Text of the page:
Families with younger children and toddlers will be pleased to find so many spaces specifically designed for their kids enjoyment and safety. The 1400 square foot shaded play area for toddlers and infants has small age-appropriate equipment and sensory toys. Not only are children protected from the sun but also from hard falls thanks to the entire play area being on rubber mats. It is also partially enclosed to keep your little ones from running too far. And not far from the play area is a set of 6 shaded swings that includes 2 infant bucket seats and there is also an ADA wheelchair accessible swing set with paved access.
As your children’s climbing abilities grow so does the equipment with 2 additional play areas with more advanced activities. All the playground equipment is located within viewing distance of each other so parents can keep a watchful eye on kids of all ages while they play or dig in the huge sandbox. There are also several benches that offer parents views of all the playing areas and tree-shaded picnic tables and grills for relaxing.
If you want to get in some steps and enjoy beautiful views of Alpine Kokernot Park has an extensive network of walking trails that will take you around the park, golf course, across the bridge and back again! There area also fitness stations scattered along the trail. You are welcome to bring leashed dogs on the walking paths with you as there are dog waste bag stations throughout the park. There is also a dog park that provides your animals a place to run free.
Kokernot Park is also home to lots of facilities for team sports competitions and practices. There are soccer fields, baseball fields, tennis courts and a sand volleyball court. Next to the baseball fields is Kokernot Field with it’s trademark “06” brand, Built is 1947 this baseball stadium is home to Alpine’s professional baseball team, the Cowboys. Learn more about the team’s wonderful history here https://visitalpinetx.com/attractions/#alpine-cowboys-baseball.
There is also a skate park that offers a safe place to enjoy various jumps and ramps.
The swimming pool at Kokernot is the only public use pool in Alpine and operates seasonally from roughly Memorial Day to Labor Day.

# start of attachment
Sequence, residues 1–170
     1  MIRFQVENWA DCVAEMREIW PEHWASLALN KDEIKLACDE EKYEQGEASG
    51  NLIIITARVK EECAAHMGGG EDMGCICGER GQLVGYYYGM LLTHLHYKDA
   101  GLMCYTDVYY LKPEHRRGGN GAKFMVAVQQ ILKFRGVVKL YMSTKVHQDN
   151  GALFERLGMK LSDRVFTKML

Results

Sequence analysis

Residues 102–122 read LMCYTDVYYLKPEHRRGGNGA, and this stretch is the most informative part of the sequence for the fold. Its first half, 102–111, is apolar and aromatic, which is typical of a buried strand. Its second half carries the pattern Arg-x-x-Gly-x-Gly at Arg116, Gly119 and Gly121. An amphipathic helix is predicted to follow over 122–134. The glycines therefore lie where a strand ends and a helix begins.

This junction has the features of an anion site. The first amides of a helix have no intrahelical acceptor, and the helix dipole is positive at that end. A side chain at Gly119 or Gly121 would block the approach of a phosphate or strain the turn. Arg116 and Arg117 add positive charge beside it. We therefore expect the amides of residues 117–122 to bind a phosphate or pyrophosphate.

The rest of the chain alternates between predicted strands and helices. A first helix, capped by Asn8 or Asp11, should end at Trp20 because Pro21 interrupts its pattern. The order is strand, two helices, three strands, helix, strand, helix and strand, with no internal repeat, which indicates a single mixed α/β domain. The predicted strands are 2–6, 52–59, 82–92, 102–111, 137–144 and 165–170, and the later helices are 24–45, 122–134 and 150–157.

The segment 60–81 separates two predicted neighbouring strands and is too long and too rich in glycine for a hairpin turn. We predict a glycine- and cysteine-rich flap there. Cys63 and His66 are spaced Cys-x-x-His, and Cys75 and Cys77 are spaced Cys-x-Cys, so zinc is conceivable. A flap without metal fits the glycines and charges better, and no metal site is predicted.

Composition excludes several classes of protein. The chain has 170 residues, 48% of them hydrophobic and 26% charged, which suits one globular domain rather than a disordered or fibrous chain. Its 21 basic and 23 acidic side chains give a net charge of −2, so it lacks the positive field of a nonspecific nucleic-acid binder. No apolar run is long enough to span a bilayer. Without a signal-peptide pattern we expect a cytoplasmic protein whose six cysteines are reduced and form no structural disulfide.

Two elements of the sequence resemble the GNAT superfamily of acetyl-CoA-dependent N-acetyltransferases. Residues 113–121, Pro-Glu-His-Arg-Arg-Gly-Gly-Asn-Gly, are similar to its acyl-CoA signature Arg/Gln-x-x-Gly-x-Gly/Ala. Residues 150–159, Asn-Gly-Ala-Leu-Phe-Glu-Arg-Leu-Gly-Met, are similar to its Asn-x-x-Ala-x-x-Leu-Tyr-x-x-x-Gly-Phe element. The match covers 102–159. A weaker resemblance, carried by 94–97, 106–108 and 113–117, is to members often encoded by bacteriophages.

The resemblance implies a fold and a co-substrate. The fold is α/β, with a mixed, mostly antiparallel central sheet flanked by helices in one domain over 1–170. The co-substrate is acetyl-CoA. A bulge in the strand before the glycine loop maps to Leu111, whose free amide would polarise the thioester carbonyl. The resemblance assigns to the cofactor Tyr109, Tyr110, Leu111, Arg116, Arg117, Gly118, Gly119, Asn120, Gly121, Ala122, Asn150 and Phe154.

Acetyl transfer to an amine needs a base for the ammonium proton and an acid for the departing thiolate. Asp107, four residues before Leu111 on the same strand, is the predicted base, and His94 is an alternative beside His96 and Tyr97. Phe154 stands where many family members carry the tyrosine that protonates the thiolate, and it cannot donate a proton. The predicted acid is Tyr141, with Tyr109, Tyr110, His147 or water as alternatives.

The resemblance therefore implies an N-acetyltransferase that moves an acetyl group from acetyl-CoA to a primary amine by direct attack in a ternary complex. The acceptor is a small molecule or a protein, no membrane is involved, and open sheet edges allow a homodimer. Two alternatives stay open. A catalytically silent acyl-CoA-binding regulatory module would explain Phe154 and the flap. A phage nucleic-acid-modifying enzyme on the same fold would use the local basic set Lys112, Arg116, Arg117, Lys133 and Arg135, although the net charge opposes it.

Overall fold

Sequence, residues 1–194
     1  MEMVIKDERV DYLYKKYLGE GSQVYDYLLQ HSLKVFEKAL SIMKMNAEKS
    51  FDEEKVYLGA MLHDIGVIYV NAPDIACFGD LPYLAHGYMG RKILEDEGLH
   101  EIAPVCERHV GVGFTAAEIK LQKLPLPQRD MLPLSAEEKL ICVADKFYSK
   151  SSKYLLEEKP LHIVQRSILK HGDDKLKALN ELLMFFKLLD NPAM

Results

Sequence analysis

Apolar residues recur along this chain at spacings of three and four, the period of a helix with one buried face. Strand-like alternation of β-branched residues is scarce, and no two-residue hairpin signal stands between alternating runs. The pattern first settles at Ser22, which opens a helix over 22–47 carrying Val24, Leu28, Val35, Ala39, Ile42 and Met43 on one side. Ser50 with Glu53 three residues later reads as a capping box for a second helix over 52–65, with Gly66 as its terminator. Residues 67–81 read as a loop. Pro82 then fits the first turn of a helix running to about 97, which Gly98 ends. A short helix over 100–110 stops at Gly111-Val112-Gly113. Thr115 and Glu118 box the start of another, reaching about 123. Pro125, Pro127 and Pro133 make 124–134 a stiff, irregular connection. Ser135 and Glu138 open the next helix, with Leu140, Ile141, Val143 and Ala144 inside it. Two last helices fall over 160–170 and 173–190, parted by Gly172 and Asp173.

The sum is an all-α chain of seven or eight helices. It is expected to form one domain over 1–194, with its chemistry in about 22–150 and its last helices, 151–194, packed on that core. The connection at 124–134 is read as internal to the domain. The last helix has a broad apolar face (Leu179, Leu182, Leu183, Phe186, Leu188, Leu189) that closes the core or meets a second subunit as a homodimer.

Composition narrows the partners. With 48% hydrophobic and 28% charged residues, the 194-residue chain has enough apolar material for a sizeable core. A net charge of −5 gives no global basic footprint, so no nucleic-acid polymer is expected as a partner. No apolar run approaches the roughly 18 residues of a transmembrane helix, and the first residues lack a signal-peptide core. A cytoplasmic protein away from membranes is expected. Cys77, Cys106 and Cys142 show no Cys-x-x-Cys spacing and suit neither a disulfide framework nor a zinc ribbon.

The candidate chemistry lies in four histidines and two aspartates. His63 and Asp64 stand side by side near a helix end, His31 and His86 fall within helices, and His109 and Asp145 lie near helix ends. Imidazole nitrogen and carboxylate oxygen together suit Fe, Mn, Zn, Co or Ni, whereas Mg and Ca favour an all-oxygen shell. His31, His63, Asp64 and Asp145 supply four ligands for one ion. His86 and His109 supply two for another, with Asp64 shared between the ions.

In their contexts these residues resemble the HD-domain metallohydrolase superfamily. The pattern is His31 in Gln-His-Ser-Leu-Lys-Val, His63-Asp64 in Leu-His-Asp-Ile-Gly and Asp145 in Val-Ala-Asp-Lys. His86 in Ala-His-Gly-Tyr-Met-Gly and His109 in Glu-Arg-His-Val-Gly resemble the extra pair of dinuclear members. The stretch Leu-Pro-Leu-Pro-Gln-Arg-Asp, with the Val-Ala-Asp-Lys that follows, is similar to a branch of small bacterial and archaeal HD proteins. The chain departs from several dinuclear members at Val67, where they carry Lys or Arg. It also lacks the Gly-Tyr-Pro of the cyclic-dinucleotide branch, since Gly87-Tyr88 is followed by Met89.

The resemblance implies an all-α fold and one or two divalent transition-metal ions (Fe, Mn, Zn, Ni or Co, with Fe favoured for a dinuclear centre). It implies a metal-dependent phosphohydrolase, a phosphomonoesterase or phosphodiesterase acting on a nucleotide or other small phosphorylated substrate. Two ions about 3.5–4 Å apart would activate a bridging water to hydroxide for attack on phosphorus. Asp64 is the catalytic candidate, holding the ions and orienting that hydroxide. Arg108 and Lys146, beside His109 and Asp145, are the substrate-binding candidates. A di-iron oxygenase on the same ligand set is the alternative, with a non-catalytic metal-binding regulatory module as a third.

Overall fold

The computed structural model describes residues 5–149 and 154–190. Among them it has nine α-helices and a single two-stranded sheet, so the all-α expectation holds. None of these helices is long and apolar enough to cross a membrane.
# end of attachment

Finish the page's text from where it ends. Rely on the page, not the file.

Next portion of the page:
Next to the pool and overlooking the play areas is a large pavilion that is available for use with a fee and reservations through contacting the City of Alpine Public Works Department by emailing firstname.lastname@example.org
If you are planning for a fun day at the park it’s best to pack water, snacks and maybe a picnic lunch since there are not any restaurants or convenience stores around the park. There are public restrooms available for use. Kokernot Parks open from dawn to dusk.
Baines Park is located next to Out Lady of Peace Catholic Church at the foot of “A” Mountain on the City’s southside.
Located just a few blocks from Downtown you will find Baines Park on the windshield portion of the Alpine Historic Tour.
Beautifully landscaped with rock walls and native grass Baines Park is a great place to go for a walk or have your Rocky moment running up the stairs. With play equipment for toddlers on up to adults this park offers a great place to stop and enjoy some playtime. There is a full-size basketball court with 8-foot hoops, open grassy areas, 5 covered picnic tables and a 6-seat shaded swing set with 2 infant bucket seats.
The shade covered climbing equipment offers challenges and fun for kids and there is also a plane made from a barrel, or take a ride on the whale or frog.
While there are not pubic restrooms at this park it is close to the downtown area where there are facilities inside the train depot.
Juan Medina Park is another of the 4 parks located on the southside of Alpine.
Medina Park is partially enclosed by a chain link fence since it is located along Alpine Creek. It is a great place to enjoy a short walking loop that encircles the entire park. The swing sets and play equipment is targeted for younger kids ages 0-5. In addition to the climbing and balancing equipment there are play stations to spark the imagination and engage kids senses. Your kids can even pretend to be the train engineer with the small stationary toy train built from barrels.
Medina Park has picnic tables and grills available for use. There are no restrooms at this park but public facilities are available at nearby Centennial Park.
Centennial Park is another park you will find on the windshield portion of the Alpine Historic Tour since it located next to the historic Centennial School.